My timer and some books in my queue

Tonight I came across Tolstoy’s three questions, and they feel especially pressing in these overloaded and disorienting days:

  1. What is the best time to do each thing?
  2. Who should receive my attention?
  3. What is the most important thing to do at all times?

Tolstoy examines these questions through a parable about a curious emperor who believes finding the answers will solve all his problems. His advisors develop elaborate schedules and routines. They debate the merits of science, art, and faith. After a bit of deception, gardening, and bloodshed, the emperor eventually discovers the answer is whatever is happening at the moment.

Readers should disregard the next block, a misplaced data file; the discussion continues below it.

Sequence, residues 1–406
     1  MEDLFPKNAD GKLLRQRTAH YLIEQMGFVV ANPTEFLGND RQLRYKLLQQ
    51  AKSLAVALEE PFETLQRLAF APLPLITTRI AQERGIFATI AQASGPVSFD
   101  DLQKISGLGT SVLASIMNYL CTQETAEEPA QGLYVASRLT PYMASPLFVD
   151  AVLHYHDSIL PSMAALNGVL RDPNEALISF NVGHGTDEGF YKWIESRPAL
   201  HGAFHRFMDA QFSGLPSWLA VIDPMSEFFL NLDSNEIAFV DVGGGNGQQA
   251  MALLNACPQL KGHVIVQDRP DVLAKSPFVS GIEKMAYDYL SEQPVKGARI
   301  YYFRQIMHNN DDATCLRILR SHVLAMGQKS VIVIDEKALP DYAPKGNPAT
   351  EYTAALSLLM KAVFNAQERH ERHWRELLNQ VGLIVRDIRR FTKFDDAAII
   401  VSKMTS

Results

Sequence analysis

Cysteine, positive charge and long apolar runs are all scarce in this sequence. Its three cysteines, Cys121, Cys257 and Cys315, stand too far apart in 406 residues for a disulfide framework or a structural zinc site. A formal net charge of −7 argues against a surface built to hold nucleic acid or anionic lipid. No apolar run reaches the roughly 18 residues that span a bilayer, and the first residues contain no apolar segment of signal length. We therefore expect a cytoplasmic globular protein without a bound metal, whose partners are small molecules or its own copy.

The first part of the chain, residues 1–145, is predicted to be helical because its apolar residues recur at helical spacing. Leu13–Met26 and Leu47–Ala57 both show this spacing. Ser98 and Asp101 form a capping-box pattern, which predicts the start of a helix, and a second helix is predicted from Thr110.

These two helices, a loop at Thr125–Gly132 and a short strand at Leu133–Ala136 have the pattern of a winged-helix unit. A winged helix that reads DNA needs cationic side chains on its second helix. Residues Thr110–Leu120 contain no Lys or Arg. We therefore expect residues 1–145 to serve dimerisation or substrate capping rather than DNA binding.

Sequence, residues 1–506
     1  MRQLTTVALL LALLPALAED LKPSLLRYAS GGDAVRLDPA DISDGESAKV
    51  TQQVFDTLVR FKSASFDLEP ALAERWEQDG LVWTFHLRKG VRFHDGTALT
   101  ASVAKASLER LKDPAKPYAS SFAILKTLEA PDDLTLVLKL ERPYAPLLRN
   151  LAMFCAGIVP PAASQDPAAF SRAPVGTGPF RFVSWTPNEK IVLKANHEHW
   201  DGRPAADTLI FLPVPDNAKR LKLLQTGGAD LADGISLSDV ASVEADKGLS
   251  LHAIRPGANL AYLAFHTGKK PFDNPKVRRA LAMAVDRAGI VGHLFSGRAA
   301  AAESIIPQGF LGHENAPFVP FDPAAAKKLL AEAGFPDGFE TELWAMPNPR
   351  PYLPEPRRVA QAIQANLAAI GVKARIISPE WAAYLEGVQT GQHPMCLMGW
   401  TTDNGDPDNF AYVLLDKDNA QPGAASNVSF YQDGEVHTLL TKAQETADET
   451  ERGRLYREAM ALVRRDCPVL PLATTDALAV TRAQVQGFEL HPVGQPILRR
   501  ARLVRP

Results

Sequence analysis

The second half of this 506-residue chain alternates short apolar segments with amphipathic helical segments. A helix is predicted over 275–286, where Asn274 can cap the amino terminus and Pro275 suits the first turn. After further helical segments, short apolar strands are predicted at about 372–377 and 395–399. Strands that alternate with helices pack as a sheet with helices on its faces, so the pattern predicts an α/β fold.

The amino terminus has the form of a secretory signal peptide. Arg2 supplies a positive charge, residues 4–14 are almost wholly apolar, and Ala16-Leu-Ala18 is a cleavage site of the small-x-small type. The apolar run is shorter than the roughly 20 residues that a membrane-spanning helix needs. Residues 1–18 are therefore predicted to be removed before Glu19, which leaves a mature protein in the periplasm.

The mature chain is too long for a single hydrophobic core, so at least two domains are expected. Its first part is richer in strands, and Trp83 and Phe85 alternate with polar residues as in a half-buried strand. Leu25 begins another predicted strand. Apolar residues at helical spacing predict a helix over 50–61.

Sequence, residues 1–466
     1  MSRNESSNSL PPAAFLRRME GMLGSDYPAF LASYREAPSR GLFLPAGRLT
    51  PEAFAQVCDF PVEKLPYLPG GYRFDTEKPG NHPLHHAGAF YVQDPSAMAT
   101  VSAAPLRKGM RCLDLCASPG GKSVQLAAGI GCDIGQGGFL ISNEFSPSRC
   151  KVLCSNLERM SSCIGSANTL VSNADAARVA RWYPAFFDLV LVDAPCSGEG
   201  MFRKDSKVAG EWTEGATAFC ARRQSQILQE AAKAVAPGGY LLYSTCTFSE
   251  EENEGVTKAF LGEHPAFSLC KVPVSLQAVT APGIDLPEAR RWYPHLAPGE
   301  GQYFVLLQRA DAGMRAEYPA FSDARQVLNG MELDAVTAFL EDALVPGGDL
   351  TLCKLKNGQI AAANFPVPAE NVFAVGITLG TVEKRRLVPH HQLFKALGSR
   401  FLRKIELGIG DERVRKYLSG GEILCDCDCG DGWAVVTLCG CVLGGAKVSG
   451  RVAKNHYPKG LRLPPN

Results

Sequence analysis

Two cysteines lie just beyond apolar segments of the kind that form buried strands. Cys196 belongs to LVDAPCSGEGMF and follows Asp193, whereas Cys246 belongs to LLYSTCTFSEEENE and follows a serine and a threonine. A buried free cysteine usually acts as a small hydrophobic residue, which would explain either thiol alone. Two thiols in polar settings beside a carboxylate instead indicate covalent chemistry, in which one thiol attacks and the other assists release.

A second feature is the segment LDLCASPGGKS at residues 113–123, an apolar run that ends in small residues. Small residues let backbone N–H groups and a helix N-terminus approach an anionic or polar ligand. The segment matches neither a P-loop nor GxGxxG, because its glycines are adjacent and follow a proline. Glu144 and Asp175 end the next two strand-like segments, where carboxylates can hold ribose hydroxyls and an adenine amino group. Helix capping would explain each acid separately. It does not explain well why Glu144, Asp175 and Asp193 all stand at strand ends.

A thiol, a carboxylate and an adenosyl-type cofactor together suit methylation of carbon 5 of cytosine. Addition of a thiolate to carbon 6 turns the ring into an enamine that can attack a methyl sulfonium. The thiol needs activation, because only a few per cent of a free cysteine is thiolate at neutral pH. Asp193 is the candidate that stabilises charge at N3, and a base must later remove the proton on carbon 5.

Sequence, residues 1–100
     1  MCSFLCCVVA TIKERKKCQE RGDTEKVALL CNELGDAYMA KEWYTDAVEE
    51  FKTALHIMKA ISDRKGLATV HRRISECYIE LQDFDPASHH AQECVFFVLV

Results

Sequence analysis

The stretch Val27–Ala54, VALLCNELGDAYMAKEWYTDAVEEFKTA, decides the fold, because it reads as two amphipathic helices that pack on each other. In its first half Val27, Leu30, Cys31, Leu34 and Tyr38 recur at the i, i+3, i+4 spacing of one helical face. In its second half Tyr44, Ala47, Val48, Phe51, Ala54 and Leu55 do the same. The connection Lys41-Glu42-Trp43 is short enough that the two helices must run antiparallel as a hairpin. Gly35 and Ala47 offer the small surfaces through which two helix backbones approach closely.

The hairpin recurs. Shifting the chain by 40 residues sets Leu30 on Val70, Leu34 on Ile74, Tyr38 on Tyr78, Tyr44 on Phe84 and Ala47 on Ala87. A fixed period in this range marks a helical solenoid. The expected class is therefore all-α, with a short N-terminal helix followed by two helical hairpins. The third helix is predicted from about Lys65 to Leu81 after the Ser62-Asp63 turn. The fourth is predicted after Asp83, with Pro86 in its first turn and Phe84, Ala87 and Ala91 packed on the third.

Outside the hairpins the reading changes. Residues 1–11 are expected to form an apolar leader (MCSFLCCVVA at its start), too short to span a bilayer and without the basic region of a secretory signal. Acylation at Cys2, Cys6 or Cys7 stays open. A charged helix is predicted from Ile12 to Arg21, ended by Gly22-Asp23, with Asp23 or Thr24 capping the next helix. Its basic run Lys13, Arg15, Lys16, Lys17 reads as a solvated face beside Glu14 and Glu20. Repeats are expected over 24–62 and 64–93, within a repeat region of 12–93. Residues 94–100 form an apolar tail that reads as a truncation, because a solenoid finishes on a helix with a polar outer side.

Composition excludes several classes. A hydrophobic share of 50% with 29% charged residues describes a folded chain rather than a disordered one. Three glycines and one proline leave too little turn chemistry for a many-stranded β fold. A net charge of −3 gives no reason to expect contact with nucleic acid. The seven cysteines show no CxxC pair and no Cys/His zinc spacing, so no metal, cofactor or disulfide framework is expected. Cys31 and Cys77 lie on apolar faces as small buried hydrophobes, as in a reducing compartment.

I’m thinking a lot about presence lately—whether maintaining some degree of control over my attention will ever arrive naturally, or if it must always be hunted, tended, and guarded.

Basic Channel – Presence

Inversion | Basic Channel, 1994 | More

Twenty minutes of grainy low-light concentration. A durable writing soundtrack for twenty-odd years.

Each night in 2020, I wrote a short post for a series called Notes From the End of a World because I wanted to etch these days into my memory. Before the world changed completely.
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